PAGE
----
Impact Grants

Return to Impact Grants

Introduction in Porajmos History and the Universal Declaration of Human Rights

Petar Gramatikov, Plovdiv


The project, developed by Petar Gramatikov in Plovdiv, helped students learn about Social Justice and Porajmos (the Holocaust for Roma). Along with the training, more than 1500 brochures about the Genocide of the Roma during the Second World War (Porajmos) were distributed in Plovdiv. The main goal of the project was to raise awareness about Porajmos, also referred to as Forgotten Holocaust, and to provide inspiration for mutual understanding and tolerance. The participants were informed about the extraordinary example of the power of civil society in Bulgaria during the Second World War and the salvation of the Bulgarian Jewish (50,000) and Roma (148,000) compatriots and were motivated to keep and promote ethnic and religious tolerance and mutually beneficial coexistence in the 21st century.

The training was held at the Trakart Cultural Center and Museum in Plovdiv. Twenty children at age of 10-12 from Stolipinovo neighborhood together with three young volunteers took part in the training. Participants learned about the Roma genocide and about human rights – what they are and how they can be promoted and protected.


Additionally a presentation with an open discussion on the same topic took place at “Aleko Konstantinov” Lyceum for Ph.D. students and professors from the Faculty of Philosophy, Plovdiv University.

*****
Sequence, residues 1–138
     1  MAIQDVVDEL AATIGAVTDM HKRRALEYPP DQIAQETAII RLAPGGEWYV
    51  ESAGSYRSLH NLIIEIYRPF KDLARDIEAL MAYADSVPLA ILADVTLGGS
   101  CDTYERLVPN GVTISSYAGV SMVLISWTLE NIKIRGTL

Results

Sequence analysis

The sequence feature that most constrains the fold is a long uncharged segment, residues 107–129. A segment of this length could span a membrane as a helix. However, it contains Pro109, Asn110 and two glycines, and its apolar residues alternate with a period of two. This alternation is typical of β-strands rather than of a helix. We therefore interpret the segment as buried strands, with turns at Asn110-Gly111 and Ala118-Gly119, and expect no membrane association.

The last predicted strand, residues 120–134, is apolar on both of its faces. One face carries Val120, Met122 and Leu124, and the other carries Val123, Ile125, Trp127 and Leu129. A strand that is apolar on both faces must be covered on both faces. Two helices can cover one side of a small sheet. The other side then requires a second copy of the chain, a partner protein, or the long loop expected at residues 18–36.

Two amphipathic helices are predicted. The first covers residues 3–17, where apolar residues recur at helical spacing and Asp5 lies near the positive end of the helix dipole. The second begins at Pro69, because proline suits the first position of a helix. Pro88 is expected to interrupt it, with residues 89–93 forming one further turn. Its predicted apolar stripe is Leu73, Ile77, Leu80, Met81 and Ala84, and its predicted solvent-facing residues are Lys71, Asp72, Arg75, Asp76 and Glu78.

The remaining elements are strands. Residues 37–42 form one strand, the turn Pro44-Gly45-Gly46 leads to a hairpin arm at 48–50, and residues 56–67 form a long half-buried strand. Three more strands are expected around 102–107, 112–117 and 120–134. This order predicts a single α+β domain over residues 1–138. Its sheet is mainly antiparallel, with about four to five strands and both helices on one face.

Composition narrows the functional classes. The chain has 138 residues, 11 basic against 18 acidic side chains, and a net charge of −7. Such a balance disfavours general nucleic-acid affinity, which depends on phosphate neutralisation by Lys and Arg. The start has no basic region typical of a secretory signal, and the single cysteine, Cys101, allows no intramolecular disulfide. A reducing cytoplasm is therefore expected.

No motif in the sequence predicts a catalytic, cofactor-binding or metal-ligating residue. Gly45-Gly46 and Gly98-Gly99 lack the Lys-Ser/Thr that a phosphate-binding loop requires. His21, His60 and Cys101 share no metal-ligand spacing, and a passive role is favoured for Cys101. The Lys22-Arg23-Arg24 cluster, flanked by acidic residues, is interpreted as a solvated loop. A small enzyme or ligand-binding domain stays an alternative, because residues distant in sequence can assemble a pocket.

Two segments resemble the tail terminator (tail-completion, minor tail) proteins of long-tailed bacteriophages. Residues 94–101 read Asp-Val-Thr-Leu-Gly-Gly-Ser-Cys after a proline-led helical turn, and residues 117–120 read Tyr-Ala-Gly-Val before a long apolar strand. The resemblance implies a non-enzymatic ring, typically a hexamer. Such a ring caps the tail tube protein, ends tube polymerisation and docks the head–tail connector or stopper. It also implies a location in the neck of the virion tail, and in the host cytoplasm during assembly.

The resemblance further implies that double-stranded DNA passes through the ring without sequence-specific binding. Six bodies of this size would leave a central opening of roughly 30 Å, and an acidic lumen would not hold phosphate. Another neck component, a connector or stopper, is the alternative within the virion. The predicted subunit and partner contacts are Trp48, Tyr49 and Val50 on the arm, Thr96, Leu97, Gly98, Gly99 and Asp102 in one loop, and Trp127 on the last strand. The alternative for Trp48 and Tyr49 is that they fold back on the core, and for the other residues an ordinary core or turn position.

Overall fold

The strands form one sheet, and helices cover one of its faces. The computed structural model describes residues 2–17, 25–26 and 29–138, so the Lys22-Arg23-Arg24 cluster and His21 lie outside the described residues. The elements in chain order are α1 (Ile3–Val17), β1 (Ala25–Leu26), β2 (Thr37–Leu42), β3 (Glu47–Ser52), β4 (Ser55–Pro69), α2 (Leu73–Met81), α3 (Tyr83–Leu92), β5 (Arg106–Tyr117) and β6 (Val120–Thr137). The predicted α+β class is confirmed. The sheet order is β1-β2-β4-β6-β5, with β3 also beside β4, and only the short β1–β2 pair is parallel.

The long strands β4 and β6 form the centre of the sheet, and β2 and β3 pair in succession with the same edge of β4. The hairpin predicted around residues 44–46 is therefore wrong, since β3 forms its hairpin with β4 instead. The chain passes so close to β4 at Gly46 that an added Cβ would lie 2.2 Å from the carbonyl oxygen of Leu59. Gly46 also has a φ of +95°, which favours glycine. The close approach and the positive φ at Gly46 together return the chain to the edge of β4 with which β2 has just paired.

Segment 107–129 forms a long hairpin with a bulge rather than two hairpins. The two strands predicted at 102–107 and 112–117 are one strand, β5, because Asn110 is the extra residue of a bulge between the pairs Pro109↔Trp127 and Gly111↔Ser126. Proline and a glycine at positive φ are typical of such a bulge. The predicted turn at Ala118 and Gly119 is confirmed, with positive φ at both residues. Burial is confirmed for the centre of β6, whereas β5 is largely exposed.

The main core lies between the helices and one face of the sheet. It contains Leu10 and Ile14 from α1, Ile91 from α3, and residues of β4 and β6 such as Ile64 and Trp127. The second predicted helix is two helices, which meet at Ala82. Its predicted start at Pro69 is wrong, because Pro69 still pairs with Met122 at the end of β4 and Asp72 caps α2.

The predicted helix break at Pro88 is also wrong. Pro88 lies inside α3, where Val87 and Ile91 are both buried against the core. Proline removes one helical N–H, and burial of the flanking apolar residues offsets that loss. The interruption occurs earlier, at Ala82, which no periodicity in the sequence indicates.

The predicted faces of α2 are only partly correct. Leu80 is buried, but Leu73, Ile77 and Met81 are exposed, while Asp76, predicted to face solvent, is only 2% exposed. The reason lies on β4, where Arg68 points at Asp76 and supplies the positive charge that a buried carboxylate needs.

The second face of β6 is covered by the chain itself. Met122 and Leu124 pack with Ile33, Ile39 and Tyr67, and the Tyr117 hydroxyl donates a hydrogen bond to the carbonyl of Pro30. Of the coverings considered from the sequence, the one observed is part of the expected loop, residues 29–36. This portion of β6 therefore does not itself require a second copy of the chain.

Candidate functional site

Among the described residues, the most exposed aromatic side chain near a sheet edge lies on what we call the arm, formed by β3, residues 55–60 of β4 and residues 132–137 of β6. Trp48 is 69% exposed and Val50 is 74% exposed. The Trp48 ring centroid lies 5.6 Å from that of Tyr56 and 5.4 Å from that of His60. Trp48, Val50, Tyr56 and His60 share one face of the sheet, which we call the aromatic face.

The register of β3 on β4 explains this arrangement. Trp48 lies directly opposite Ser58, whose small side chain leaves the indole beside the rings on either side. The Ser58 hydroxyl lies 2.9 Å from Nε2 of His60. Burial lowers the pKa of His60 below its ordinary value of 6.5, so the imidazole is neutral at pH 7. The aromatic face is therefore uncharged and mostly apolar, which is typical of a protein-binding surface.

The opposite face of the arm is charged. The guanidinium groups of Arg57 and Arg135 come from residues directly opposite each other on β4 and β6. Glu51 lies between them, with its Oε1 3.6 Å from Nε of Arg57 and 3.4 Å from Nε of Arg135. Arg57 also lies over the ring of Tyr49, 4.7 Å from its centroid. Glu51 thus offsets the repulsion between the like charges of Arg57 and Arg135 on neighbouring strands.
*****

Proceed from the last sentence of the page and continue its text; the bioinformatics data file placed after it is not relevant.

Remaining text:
The project was a pilot program, involving a small group, but it had a remarkable effect. The involvement of volunteers and students was very useful because a team of activists was formed in order to assure that the main results of the training will be multiplied by all the participants becoming “ambassadors” of human rights. Two organizations, Innovations and Sustainability Academy, and Bridges, decided to prepare certificates for all the participants (certificates for “Human rights ambassadors” in the project) which were given in an official ceremony where opportunities for continuation of the contacts were discussed.

The brochure we distributed in the town was of great interest to people because it was very different than usual advertisements and invitations, without any obligations or engagements but provoking thoughts on the history and the link to the present.



For more information about The Olga Lengyel Institute for Holocaust Studies and Human Rights (TOLI), please contact

TOLI is located at 58 East 79th Street in Manhattan. (get directions)